Anne Neville played by Faye Marsay in the "White Queen" (2013).
Anne Neville played by Faye Marsay in the “White Queen” (2013).

The battle was a huge and decisive win, Jones notes for Edward because he had “at last gained a glorious victory” and two days after he had slain Edward Prince of Wales, he dragged Edmund Duke of Somerset, Sir John Langstrother, Sir Hugh Courtenay and other Lancastrians who had sought sanctuary inside the Abbey, to behead them. The following day on the 8th, he left Tewkesbury to track the Queen and her daughter-in-law, Anne Neville who was now a widow and like the Queen, at the mercy of the Yorkist King. Not long after, Henry VI also died under mysterious circumstances. No one believed the official story that he had died of melancholy.

Sources:

  • The Rise of the Tudors: The Family that Changes English History by Chris Skidmore
  • The Hollow Crown: The Wars of the Roses and the Rise of the Tudors by Dan Jones
  • Anne Neville: Richard III’s Tragic Queen by Amy Licence
  • The Prince who did not become King: Edward of Lancaster (1453-1471) by Susan Higginbotham

Winds of confusion: The Battle of Barnet

The Battle of Barnet
The Battle of Barnet

On the 14th of April 1471, the Battle of Barnet was fought between the Lancastrian army commanded by Richard Neville, Earl of Warwick, and the Yorkist commanded by the three sons of York -Edward IV, Richard Duke of Gloucester, and the recent traitor turned ally, George, Duke of Clarence.

George Plantagenet, Duke of Clarence was Edward IV's younger brother and he allied himself with Warwick, marrying his eldest daughter, and then went back to Edward's side after his father-in-law allied himself with Marguerite of Anjou.
George Plantagenet, Duke of Clarence was Edward IV’s younger brother and he allied himself with Warwick, marrying his eldest daughter, and then went back to Edward’s side after his father-in-law allied himself with Marguerite of Anjou.

George, Duke of Clarence had been Warwick’s ally since he married his eldest daughter, Isabel Neville in July of 1469. The Duchess Dowager of York, Cecily Neville “Queen by Rights” likely gave them her blessing before she returned to her residence. Her latest biographer, Amy Licence, believes it is possible that she also tried to warn them not to go because they would anger Edward and his wife. Obviously [if this was her intention] it didn’t work because George and Isabel married right away, had a lavish wedding reception unlike his eldest brother and his Lancastrian wife; and afterwards returned with a small army to depose him. The rebellions failed miserably. The upper class was angry at Edward but they didn’t want to launch England into another civil war –especially when there was another King locked in the Tower, and his Queen and their son vying for support across the Narrow Sea. Edward returned to his seat of power and pardoned his cousin and brother; but Elizabeth Woodville never trusted them again. There are no records as to how she felt in regards of the Earl of Warwick or her brothers-in-law. But after they had rebelled against her husband, captured him, killed her brother and father, and then released him so he would pardon them; it is likely she didn’t see them too well.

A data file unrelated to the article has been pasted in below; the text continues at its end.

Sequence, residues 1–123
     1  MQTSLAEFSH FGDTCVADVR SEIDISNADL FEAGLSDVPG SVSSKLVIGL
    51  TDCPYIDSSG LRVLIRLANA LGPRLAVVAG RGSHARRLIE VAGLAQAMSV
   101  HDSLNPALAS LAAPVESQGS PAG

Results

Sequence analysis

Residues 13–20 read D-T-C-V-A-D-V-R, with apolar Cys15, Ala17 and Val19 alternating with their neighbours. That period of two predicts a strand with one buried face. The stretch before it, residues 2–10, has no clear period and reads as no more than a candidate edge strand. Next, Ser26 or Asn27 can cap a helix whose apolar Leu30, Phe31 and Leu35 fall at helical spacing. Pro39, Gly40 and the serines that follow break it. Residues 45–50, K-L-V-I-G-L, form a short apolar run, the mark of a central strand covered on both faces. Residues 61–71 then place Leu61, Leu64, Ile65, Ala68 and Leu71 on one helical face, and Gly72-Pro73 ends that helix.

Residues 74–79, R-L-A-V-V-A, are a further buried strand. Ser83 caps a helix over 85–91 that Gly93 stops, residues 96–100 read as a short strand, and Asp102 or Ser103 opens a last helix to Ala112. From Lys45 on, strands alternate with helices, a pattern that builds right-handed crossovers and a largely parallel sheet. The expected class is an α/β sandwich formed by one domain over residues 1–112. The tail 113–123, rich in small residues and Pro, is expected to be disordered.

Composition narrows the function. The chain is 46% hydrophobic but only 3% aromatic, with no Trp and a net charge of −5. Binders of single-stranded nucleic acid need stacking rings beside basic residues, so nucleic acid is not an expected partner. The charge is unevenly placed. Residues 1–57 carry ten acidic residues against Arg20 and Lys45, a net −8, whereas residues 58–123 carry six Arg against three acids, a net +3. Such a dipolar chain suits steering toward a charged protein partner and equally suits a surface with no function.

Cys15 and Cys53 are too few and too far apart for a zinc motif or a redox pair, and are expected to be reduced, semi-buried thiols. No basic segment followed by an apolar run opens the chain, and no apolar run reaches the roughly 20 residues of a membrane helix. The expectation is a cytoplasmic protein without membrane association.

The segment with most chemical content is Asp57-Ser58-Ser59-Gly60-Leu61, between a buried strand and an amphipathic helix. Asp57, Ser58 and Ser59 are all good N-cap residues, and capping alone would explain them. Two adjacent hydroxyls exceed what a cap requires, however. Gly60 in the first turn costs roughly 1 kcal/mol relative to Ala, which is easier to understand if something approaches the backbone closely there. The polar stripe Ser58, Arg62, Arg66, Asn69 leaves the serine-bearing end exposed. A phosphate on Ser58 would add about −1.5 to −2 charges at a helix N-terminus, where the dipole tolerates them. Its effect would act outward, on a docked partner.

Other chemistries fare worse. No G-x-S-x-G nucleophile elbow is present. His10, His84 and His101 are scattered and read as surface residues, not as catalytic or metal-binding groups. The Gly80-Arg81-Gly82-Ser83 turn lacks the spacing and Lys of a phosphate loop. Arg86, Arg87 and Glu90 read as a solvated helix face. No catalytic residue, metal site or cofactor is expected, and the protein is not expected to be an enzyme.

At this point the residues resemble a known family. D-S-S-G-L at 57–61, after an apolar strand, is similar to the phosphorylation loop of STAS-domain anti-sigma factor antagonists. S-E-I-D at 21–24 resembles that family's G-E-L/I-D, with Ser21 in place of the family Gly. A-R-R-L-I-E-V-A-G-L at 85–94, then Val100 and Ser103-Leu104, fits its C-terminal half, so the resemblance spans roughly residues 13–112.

In late October of the following year when Warwick had switched bands yet again, Elizabeth escaped to sanctuary while her husband and youngest brother, Richard, Duke of Gloucester, escaped to Burgundy to take refuge in their brother-in-law, Charles “the Bold” Duke of Burgundy’s court. Elizabeth was very far along; and contrary to what is shown on fiction where Warwick is a complete ogre and pretty much says Elizabeth and her poor mother and daughters taken refuge in Westminster Abbey, living in relative poverty and fed by the mercy of the bakers nearby, could go to hell; he showed them mercy. Warwick was not one to enjoy the killing of women and children, and much less a pregnant woman so he allowed Elizabeth and her family to stay in sanctuary and paid for a midwife to assist her in the birth of her firstborn royal son. During this time, Marguerite of Anjou and her son, Edward of Westminster, the Prince of Wales, were growing anxious to have the papal dispensation that would allow him to marry the Earl’s youngest daughter, Anne Neville. With the realm torn between two kings and time running short, it was vital that the pope grant the Lancastrians that dispensation. After all, Anne and Edward were distant cousins and if they married without it, their marriage would seem unlawful and heavily criticized as Edward IV and Elizabeth Woodville’s was. When the dispensation was finally granted, the couple didn’t waste time and married. Marguerite planned to set sail that November to England but there were two problems: she didn’t want to risk her son and daughter-in-law and wanted the two to get to know each other better *and* the weather. When she finally set sail on March of next year, 1471, the country was in more chaos than she had expected. Just as she had amassed a great army of Lancastrian loyalists and French-men; Edward had also amassed an army that consisted of loyal Yorksits and Burgundians.